Teaching in China
I didn’t want to continue being a solicitor and I wanted to live abroad.
Time for a Career Change – Time to be a TEFL Teacher Harriet Parker
This course has the best content for those with a thirst to teach!
A journalist who wrote a new story as a teacher Paloma Tiba
Not long since graduating and my first job in advertising, I fancied a change from the norm. I wasn’t learning or doing much anymore and I didn’t like the direction I was going in so I decided I wanted to take a break and see some more of the world.
But in order to do this comfortably and quickly, I knew I would have to work along the way too. Friends and family casually suggested I could be good at teaching due to the trust I so easily formed with most children in my previously mentioned ‘normal’ life and so I set about researching how I could do this. I discovered teaching English as a foreign language is a huge industry and to best stand out to an employer I should take a course. The TEFL Academy offered an attractive programme, convenient locations and dates and so I signed up to equip myself with the knowledge I would need to teach a class of young children.
My job search began with Europe, but soon it developed into Asia and I quickly landed a job in China, Guangzhou. The company I work for act as a management link between me and many schools across the south of China and so I am lucky enough to teach hundreds of children a week and given the number of schools I teach at, I think I’ll have added to the education of thousands of children as the months go by!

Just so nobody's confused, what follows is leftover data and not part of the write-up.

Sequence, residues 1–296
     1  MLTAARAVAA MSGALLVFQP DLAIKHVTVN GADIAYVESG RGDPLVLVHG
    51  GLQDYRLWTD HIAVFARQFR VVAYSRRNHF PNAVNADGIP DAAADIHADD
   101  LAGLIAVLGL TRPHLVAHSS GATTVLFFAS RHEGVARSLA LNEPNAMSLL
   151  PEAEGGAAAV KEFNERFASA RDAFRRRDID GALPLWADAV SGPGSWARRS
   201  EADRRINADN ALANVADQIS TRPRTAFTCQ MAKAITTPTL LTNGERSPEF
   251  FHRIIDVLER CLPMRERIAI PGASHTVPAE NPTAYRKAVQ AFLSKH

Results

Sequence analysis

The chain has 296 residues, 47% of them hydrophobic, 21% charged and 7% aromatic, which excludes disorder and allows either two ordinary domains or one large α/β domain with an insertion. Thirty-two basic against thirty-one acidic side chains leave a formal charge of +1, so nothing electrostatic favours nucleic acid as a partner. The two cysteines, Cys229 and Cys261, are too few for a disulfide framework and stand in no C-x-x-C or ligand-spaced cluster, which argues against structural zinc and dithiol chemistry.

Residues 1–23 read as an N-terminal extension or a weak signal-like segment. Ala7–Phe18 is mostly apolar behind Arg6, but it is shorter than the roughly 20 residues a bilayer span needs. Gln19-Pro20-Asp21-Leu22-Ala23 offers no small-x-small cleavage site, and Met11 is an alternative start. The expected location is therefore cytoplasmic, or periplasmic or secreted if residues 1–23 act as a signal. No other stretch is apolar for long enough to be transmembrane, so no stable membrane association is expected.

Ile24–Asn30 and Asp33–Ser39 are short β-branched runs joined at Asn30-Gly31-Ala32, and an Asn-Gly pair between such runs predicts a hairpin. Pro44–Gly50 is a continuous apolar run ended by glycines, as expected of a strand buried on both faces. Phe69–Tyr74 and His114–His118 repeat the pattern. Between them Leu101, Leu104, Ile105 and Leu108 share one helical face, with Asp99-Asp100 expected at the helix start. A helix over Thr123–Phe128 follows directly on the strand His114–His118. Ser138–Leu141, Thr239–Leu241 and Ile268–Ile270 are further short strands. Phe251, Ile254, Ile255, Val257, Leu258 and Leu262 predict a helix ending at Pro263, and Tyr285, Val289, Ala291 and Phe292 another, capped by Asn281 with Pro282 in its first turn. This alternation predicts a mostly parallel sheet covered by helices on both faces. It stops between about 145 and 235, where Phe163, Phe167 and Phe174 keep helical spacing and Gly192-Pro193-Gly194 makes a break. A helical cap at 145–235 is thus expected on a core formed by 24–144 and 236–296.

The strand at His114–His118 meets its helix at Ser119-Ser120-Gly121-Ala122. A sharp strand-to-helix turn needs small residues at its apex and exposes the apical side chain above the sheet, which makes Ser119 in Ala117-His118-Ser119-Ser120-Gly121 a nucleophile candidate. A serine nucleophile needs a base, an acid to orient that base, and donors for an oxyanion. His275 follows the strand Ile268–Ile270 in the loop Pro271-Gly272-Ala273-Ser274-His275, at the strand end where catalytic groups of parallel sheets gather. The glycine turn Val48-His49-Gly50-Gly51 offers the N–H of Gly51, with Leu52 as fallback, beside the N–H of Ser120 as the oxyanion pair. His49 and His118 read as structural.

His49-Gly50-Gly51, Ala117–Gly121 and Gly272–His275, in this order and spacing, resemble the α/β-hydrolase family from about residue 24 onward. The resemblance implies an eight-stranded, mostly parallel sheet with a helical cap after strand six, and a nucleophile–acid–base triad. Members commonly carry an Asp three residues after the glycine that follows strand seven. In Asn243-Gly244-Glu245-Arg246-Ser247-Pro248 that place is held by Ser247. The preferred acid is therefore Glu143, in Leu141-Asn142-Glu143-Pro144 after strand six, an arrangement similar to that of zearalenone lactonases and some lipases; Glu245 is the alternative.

We sing, dance, play, learn, listen, speak and have a great time together every single day. They slowly pick up words and phrases and figure out how to use them in the right context even though some little ones are only three or four years old.
Each day and each class brings with it new challenges and surprises, but it is the most satisfying experience I have ever had. Knowing you are part of the construction of someone else’s future is quite something.
I’ve seen their young minds boggle over spinning tops, prepared them for their rockstar performances and helped them smarten up for graduation day. I’ll be forever grateful for being part of their development.
China in general is a whirlwind of experiences, from the food, to the culture, to the weather. Here in the South especially, it has been a challenge to get used to the humid climate, but somehow the uncertainty of where you are going or what you are about to eat is exhilarating and such an adventure.
Training with The TEFL Academy gave me the confidence I needed as a new teacher to be able to handle a classroom for the first time and not be afraid to improvise or come up with ideas to make the classroom a fun place for all.
In the near future, I plan to put my new-found confidence and (wanderlust) into practise somewhere else around the world, and for that I owe a great big thank you to The TEFL Academy for educating and encouraging me to take the first steps into a world of opportunities.
For anyone wondering if it’s the right thing to do; who really knows what’s right and when? My advice would be to leave what you know behind, get out there and try something new. Make a difference to someone else’s life and tell me you don’t feel enriched and inspired for doing so.